Dan Kadlec’s column this week on the end of the “myRA” retirement opportunity got me thinking. Kadlec suggests that the demise of the program is likely due to a lack of financial education. I agree – but I think there is more to it than that. I suspect this is human nature at play. Think about how hard it is to get people to enroll in their 401(k) with a match and invested in real growth options.
This post first appeared on RightAboutMoney.com
In recent decades, more education has meant higher salaries. But will that be the case going forward? Part of any financial literacy course in high school should look at student debt in relation to the earning power of a chosen field of study.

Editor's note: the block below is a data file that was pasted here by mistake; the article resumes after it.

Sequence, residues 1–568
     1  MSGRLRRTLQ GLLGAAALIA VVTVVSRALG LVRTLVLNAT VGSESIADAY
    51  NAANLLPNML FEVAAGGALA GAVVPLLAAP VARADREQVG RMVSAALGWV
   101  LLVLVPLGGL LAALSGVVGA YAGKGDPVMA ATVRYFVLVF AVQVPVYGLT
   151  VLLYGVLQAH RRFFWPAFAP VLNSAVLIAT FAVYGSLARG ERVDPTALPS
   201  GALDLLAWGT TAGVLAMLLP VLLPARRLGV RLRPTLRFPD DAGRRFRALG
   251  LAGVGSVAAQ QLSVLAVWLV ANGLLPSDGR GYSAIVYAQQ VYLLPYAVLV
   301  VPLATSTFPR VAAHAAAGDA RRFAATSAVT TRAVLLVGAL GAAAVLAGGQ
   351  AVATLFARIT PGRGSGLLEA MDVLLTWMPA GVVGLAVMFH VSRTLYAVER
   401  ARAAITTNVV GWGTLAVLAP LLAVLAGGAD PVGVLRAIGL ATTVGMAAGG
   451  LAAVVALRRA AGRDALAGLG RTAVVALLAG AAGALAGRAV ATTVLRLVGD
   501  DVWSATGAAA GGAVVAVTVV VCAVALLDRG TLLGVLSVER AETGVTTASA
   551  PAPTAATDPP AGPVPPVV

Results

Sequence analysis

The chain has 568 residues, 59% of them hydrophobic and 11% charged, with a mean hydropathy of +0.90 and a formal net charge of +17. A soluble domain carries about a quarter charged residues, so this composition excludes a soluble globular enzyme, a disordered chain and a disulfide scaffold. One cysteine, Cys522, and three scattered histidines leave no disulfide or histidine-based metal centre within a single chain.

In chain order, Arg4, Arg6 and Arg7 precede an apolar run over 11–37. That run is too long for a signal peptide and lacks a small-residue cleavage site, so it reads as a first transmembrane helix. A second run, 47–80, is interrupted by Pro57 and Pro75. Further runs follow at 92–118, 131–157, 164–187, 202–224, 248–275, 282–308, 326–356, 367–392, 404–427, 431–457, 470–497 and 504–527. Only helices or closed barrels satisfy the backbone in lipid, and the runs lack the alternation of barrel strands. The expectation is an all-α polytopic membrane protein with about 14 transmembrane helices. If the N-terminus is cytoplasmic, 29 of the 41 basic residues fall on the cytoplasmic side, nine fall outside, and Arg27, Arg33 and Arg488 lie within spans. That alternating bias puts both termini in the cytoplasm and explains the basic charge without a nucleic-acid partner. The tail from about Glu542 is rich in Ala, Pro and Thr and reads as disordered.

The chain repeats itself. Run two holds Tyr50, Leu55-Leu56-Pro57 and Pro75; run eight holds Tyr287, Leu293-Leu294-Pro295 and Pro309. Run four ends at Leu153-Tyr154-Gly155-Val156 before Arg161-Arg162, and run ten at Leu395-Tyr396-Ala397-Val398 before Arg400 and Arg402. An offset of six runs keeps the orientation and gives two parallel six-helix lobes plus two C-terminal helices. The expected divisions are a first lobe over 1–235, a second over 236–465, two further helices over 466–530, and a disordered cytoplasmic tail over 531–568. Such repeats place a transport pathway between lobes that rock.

This is especially true of graduate school, where loans can really pile up. On the surface, the math looks fantastic. Over their lifetime, those who earn a graduate degree, on average, earn $400,000 more than those with no more than an undergraduate degree, according to researchers Anthony P. Carnevale, Stephen J. Rose and Ban Cheah at Georgetown University Center on Education and the Workforce.
Here’s the fourth of ten tips for making this a more relaxed and enjoyable holiday gift-giving season this year.
Gift-giving tip #4: Be generous. From our Money Savvy friends in Thailand – the true meaning of donate…really means invest!